AS A top-notch leader, you have successfully set the tone and direction for your company and all seems to be going well - potential clients are calling, sales are up, costs are under control and profits are solid.

You have done a good job managing change from the prospective of global competition and product innovation.

However, another change, which is causing an uncomfortable undercurrent, is developing among your employees. Quite simply, they are not getting along. As described in the book, Riding the Waves Without Getting Wet: A Leadership Parable, just when you have figured out how to bail water out of the boat, a rip in the sail threatens your ability to navigate your course.

What can you do to set the example for good relations among your employees? We all know the Golden Rule: "Treat others as you would like to be treated."

After 27 years of management and consulting with Fortune 500 companies, I have found the following guidelines help leaders improve employee relationships and make that 40-plus hour work week a golden one.

Learn to listen

Being a good listener starts with your belief system. Do you believe your employees have something to say that will make a difference, or that only what you say will move the company forward? Your attitude toward what others have to say will determine how well you listen to your employees.

One of my favourite organisational cartoons shows a suggestion box placed directly over the waste bin.

People are busy today with constant change and working with new people. They know very quickly what management is paying attention to, so make sure to acknowledge good ideas, and maybe even more important, thank people for having the courage to bring up what no one else wants to discuss.

Know your employees' career tracks

Take time to know employees' past, current and future career goals. Taking an interest in them and their goals will give you a better idea of how they can contribute to your company, and at the same time, show them you care enough to help shape their careers.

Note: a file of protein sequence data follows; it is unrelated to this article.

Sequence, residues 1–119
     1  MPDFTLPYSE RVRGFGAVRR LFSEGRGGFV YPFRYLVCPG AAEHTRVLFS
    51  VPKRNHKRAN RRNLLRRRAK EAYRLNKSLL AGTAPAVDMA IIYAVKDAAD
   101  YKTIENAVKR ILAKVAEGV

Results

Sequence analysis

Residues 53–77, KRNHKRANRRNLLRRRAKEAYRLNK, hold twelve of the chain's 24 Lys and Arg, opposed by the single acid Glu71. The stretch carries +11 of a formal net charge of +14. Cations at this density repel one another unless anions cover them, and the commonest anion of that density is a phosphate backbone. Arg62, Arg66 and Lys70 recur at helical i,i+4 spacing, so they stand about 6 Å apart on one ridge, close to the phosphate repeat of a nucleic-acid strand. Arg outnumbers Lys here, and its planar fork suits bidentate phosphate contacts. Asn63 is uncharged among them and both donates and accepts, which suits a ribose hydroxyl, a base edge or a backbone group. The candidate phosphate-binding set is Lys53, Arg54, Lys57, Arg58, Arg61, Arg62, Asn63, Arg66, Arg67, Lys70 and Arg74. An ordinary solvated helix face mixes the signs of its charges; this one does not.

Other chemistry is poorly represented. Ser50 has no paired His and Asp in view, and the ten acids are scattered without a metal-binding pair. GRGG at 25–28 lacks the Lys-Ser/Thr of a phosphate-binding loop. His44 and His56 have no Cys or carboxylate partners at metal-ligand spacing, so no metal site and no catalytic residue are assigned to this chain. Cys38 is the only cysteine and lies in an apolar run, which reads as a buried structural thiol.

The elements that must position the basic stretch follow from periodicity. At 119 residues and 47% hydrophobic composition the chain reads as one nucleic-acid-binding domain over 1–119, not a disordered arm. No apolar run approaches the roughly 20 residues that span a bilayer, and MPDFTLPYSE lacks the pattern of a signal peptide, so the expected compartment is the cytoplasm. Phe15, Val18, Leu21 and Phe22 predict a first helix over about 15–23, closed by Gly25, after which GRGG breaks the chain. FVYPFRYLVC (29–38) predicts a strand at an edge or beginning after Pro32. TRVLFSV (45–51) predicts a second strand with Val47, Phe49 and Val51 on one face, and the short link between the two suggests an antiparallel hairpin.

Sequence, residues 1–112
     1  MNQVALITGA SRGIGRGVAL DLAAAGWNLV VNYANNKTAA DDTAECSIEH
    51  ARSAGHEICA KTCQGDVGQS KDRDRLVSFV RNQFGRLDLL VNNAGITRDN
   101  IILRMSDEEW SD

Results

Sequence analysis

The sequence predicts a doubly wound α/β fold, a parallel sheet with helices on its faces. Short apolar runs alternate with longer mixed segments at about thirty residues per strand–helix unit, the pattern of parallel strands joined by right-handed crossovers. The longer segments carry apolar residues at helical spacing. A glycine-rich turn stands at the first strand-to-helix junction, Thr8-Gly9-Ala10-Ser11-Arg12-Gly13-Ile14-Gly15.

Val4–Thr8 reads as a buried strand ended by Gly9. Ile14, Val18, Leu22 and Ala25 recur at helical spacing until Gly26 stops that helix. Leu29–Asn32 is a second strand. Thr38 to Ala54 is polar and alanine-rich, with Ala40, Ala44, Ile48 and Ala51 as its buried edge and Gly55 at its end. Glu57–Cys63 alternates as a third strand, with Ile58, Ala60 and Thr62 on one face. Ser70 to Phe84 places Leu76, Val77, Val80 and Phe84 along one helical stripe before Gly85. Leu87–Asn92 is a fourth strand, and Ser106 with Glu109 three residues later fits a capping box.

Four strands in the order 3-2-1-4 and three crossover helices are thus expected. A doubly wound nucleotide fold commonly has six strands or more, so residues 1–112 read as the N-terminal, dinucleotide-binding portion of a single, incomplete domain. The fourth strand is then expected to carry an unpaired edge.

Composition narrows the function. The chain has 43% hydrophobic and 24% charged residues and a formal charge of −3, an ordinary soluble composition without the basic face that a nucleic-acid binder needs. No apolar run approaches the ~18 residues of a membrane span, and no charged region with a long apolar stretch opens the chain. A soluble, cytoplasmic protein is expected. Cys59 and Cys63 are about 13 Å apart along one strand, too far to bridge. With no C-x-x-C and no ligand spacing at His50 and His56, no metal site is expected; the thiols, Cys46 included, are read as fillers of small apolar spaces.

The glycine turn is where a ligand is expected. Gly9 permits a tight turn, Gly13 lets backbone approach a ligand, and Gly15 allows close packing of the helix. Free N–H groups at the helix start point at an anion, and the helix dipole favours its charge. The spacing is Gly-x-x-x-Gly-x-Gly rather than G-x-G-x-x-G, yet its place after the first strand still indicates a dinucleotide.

Smart companies pay very close attention to where employees want to be. Marriott International offers a programme called Career Tracks where employees can sign up for different development programmes and explore their true potential.

In addition to formal training, many companies now encourage managers to have candid discussions with their direct reports about where they see themselves in five years.

According to the US labour department, the average new employee will stay only one year and one month at a job. So savvy companies realise a five-year investment for an employee is quite a long time indeed.

When interviewing, get beyond the typical responses and really hone in on a candidate's specific career path. For example, you could have a salesperson who would like to be in market research in five years.

Sales and marketing are often confused and combined as a matter of convenience; however, the disciplines can be quite different.

The first stage of the career-tracks process is to look at the requirements necessary to qualify for the position. The position may require an MBA, or a concentration in statistical analysis with proper cross-training may be what is necessary.

Now that you have the tangible details of the position, you can form a pact with the employee. You can then help him design the exact qualifications for the job. What you want to avoid at all costs is the employee bidding for the position and being knocked out because of an oversight.

If your company offers tuition reimbursement, great, but even if it does not, you can still arrange an employee's schedule so he or she can work and still be able to attend class.

Or you can clear the way for the person to cross-train in another discipline. Periodically, check in with the employee to monitor progress and offer the appropriate encouragement.

Cultivate individuals' value

Your employees may have valuable ideas about the company unrelated to their experience or position. An accountant may spot an innovative way to move a product while taking a plant tour. An administrative assistant could help streamline how sales handles calls.

It is up to you to open the lines of communication between departments to share information and encourage expression of new ideas on how to run your business.

Allow for missteps

Mistakes can possibly cost your company money; however, don't let them define your corporate culture. Remember Teflon and Post-it Notes were discovered by accident.

Take the lead in turning a mistake into an opportunity to learn. Bring your team together to work on a solution. It is a paradox - taking the pressure off actually curtails mistakes.

As you start to implement these guidelines, you will find that you will be able to manage any current of change in your employees' relationships.